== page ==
I laid on the bottom of the ocean and stared into space.
The surface of the water was so still and flat that it ceased to exist. The light of the stars traveled unimpeded trillions of miles, through the Earth’s atmosphere and 20 feet of water.
I held my breath, the sound of my heartbeat joining the primordial hum of the Atlantic.
I pushed off the bottom. Underwater like in space one is weightless.
That night off the coast of Key West, I slowly kicked towards constellations, no difference between air and space. I swam into eons and lightyears, not an observer of the universe but part of it.
I stood in my backyard in Indiana, waiting for my dog to pee.
The lightning bugs at their peak. Each flash reflected off the surface of the pond.
The stars were free from fossil-fueled light pollution and danced in the darkness of a new moon.
Stars below, above, and around me. As if the heavens descended.
In the Rocky Mountains, no tent, just the sky, and more shooting stars in one hour than I had seen in my entire life.
Holding my daughter for the first time.
Holding my son for the first time.
Pouring water onto the back of a beached pilot whale and feeling it’s sonar go through me.
Each of these was a moment of transcendence in which I felt small, but part of something much bigger than myself. In her book The Power of Meaning Emily Esfahani Smith includes transcendence in her four pillars of meaning alongside a sense of belonging, purpose, and storytelling.
She writes about the paradox of transcendence:
[Transcendence] simultaneously makes individuals feel insignificant and yet connected to something massive and meaningful. How can this paradox be explained? The experiences of practiced meditators, who describe similar phenomena, may offer a clue. At the peak mystical moment, they sense the boundaries of their selves dissolve and, as a result, feel no more separation between themselves and the world around them. They experience, as a meditator in one study put it, “a sense of timelessness” … the brain can no longer separate the self from the surrounding environment. Individuals feel connected with everyone and everything—they feel a sense of unity.
So many of my transcendent moments have involved stars, so it makes sense that Esfahni Smith would write about the experiences of astronauts looking back at the pale blue dot we call home.
Their values, according to one study, shift from self-focused ones like achievement, enjoyment, and self-direction to self-transcendent ones, like unity with nature, belief in God, and world peace. “You develop an instant global consciousness, a people orientation, an intense dissatisfaction with the state of the world,” another astronaut has said, “and a compulsion to do something about it. From out there on the moon, international politics looks so petty. You want to grab a politician by the scruff of the neck and drag him a quarter of a million miles out and say, ‘Look at that, you son of a bitch. ” Scientists have dubbed this dramatic shift in perspective the Overview Effect.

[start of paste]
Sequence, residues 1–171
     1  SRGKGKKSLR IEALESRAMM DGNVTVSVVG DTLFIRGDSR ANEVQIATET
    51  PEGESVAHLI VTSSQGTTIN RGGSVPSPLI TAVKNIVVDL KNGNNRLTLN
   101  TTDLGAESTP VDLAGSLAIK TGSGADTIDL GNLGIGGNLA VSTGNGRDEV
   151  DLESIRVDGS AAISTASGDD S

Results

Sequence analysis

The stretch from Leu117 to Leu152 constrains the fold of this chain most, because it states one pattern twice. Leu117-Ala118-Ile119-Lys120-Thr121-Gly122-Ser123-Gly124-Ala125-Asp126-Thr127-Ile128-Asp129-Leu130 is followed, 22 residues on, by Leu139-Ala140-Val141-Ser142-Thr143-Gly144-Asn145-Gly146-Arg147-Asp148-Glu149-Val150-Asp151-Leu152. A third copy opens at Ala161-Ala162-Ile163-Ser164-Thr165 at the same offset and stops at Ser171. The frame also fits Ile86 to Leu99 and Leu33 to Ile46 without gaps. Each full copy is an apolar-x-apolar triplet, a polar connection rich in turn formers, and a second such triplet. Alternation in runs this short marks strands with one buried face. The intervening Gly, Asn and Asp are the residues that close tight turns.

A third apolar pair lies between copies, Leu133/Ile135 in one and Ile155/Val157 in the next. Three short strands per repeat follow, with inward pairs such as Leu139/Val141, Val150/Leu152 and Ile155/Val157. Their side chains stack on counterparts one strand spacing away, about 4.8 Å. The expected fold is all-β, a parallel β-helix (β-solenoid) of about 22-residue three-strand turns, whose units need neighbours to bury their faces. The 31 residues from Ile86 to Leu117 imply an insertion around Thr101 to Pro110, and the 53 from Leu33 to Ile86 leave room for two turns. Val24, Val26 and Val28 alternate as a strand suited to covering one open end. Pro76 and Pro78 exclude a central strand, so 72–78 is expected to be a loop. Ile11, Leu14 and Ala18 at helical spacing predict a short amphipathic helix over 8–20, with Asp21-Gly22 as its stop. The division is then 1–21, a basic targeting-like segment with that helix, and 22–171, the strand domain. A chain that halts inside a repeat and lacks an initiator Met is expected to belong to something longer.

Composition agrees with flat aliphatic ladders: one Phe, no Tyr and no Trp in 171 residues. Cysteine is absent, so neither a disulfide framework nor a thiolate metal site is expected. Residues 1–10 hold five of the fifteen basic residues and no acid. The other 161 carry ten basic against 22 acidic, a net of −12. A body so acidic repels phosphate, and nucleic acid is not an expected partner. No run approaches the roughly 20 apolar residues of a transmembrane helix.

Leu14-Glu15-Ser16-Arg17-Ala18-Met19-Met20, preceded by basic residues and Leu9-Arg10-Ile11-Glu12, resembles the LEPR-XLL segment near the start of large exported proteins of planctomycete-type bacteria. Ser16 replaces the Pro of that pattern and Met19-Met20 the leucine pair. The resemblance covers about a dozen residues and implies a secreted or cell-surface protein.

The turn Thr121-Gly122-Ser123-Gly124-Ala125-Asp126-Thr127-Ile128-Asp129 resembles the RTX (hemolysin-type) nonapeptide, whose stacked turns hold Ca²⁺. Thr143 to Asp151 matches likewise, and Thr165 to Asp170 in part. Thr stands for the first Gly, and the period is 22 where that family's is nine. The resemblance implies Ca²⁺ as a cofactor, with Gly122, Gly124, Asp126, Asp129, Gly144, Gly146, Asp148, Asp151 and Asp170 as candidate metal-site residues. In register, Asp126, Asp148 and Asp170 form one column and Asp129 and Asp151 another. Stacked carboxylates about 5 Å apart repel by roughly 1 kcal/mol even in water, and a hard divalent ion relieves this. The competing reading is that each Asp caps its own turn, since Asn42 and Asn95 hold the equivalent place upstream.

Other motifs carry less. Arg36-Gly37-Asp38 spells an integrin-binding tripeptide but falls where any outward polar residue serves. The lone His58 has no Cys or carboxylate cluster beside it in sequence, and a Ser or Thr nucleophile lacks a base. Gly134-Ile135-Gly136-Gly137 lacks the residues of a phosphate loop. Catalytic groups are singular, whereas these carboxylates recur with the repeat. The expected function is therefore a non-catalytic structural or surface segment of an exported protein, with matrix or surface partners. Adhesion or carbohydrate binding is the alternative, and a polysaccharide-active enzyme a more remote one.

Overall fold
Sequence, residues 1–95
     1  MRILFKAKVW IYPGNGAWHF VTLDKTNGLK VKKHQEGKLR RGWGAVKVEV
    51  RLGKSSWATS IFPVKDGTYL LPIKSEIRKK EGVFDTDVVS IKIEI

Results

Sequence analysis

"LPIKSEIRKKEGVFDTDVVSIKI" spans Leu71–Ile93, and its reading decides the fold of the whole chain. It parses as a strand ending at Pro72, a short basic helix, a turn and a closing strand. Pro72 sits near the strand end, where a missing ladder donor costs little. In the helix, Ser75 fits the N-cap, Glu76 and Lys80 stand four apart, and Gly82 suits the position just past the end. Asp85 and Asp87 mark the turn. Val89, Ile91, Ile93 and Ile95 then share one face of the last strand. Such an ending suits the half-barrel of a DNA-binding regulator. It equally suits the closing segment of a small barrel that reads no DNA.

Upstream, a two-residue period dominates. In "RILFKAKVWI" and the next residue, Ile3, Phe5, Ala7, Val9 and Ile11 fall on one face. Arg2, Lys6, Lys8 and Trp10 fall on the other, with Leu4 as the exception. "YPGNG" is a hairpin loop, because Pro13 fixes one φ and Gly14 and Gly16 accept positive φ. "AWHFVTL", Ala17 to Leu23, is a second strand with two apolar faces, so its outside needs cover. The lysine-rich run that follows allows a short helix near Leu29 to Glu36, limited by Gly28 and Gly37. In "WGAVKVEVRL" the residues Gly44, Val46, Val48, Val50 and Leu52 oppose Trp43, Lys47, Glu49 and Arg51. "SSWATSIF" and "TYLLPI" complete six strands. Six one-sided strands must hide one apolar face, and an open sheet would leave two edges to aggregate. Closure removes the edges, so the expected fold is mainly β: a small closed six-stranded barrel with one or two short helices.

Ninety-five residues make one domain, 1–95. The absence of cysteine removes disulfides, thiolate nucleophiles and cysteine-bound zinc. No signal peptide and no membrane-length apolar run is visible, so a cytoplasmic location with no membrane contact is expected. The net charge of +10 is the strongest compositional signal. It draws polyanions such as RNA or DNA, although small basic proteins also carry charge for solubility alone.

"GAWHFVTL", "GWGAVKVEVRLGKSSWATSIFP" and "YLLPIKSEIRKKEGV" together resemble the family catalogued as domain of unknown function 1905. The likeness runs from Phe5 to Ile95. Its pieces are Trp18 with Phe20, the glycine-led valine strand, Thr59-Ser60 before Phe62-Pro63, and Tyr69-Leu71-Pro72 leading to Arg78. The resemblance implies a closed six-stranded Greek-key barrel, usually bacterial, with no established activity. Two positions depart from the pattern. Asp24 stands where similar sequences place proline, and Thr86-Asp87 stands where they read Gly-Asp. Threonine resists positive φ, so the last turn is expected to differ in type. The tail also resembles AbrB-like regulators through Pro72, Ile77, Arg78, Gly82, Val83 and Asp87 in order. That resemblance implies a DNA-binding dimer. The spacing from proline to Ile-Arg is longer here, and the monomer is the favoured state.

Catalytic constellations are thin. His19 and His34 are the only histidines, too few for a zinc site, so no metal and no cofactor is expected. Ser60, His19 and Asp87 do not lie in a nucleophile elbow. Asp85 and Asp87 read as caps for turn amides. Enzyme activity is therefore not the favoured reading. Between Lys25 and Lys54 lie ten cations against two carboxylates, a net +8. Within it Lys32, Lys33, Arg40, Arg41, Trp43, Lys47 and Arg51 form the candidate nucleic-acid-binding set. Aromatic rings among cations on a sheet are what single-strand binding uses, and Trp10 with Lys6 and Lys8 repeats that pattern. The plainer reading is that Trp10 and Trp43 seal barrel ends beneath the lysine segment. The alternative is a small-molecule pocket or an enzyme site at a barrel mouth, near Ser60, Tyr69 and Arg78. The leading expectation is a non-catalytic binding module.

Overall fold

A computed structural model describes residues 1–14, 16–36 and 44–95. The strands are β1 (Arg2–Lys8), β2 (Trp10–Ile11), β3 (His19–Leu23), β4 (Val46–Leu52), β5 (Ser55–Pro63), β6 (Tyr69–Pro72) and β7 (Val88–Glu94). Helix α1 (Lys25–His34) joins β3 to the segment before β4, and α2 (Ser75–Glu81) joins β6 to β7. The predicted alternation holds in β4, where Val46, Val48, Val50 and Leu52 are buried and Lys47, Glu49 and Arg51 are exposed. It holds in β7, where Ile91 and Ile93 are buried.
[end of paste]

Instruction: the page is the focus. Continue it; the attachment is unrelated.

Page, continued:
When have you had such moments? It wasn’t taking a selfie–a moment when you certainly aren’t in the moment or looking outside of yourself. But what about Facebook? But what about Instagram? When we think about our audience we leave the moment thinking of how to share this moment instead of experiencing it. I’d argue that no one has ever experienced transcendence while taking a selfie.
I’m not one to worry about the decline of religion in our culture today, but I do worry that it may contribute to a decline in the amount of transcendent moments people experience. We need people who feel small. We need people who discover moments to wonder at the stars and not always feel like a star themselves. A study in 2014 found that students who stared up at a 200-foot tall eucalyptus tree for one minute (one minute!) felt more generous and less self-centered. People feel more satisfied, more connected.
One terminal cancer patient who didn’t believe in an afterlife participated in a study in which psychedelics were used to produce transcendent experiences. Before her trip she felt the dread of not existing, but after she felt much more connected. “There was not one atom of myself that did not merge with the divine.”
So you could try magic mushrooms, find a God, lose yourself in the mystery of art and existence, or my recommendations, and something I should do more, mediate and soak up nature, hug a tree, stare up at the branches, or swim in the stars.
But find something that makes you feel small, yet connected and do that. Our society and the fate of our planet depend on it.
“To the dull mind all nature is leaden. To the illuminated mind the whole world burns and sparkles with light.” – Ralph Waldo Emerson
“When we try to pick out anything by itself, we find it hitched to everything else in the universe.” – John Muir